I spent three nights in London at the Lancaster Gate Suites.  I'd booked this through lastminute.com and had complained about the apparent bait and switch tactics I encountered during the booking process in the last newsletter.

Lastminute described this hotel as a four star hotel, and due to the good value price initially offered, I selected it.  While generally it is fair to say 'you get what you pay for' the concept of last minute bargains upsets that analysis, and so I assumed (!) that the bargain price meant a last minute bargain, rather than a low quality hotel room.

The reality of the experience was entirely different from the promise on Lastminute's website.  Although described as a 'spacious room ensuite', the small room is no larger than an average hotel room, with no room to walk around the bed on three of the four sides, and lacks many basic amenities.  The closet is so narrow you can't fit clothes hangars in other than on an angle.  There is no phone in the unit, and the Wi-Fi access was unreliable and intermittent.  There's nowhere to put soap or shampoo in the miniature shower, and the rooms don't get daily servicings.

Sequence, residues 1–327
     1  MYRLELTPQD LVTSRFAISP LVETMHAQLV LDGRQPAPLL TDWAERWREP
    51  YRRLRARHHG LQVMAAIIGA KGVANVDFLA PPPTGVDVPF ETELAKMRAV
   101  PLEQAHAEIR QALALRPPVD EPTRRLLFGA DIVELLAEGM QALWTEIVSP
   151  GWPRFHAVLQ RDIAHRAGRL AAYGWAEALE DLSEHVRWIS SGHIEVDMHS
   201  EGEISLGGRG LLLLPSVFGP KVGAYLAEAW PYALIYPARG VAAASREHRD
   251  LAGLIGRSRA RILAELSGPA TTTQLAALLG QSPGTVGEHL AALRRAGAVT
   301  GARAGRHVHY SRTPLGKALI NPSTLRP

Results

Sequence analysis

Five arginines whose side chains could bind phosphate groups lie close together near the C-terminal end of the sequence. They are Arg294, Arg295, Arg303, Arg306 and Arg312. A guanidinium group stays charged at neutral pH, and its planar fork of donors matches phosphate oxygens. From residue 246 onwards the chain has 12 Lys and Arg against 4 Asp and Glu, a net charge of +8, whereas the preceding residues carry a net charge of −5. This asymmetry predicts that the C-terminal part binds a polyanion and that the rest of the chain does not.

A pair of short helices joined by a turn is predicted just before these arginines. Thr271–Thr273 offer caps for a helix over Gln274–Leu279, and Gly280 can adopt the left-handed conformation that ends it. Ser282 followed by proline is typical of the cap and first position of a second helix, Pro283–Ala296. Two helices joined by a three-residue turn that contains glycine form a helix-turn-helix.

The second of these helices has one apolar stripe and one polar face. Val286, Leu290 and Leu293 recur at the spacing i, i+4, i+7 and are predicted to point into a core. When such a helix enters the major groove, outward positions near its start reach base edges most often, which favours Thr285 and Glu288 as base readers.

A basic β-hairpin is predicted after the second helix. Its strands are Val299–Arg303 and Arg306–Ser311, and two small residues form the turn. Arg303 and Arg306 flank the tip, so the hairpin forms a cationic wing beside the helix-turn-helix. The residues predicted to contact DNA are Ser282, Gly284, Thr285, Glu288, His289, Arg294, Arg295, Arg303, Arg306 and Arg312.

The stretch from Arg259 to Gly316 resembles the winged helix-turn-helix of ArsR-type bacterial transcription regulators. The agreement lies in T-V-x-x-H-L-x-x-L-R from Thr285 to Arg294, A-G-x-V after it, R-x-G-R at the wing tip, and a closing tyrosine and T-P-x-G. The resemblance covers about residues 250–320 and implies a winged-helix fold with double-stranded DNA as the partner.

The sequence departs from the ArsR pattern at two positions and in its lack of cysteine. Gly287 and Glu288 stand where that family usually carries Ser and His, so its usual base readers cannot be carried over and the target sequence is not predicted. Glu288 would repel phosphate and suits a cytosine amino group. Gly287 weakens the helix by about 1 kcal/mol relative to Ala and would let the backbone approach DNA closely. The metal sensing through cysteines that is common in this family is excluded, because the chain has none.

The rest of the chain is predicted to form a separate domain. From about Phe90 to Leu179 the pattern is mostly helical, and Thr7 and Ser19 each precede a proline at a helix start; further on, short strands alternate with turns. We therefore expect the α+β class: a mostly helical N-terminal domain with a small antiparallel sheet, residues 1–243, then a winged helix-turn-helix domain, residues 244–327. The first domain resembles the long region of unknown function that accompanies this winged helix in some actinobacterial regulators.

There is no elevator, and neither is there any porter service, and it was 68 increasingly steep and narrow steps up to my room.  The last flight of steps is so narrow that it is not easy to walk up or down them with a suitcase alongside.  One more bad thing - there is no reception desk at the hotel (even though Lastminute says there is) - you have to go a half mile away to find the reception area at an affiliated property, and - get this - there was no mention of this anywhere on the Lastminute booking confirmation.

So, I had the taxi take me to the hotel's address, only to find an anonymous locked door with no information about how to check in or even the name of the hotel visible anywhere.  Worse still, the Lastminute booking confirmation didn't have a phone number, either - neither for themselves nor for the hotel.  It was, ahem, a non-trivial problem to resolve.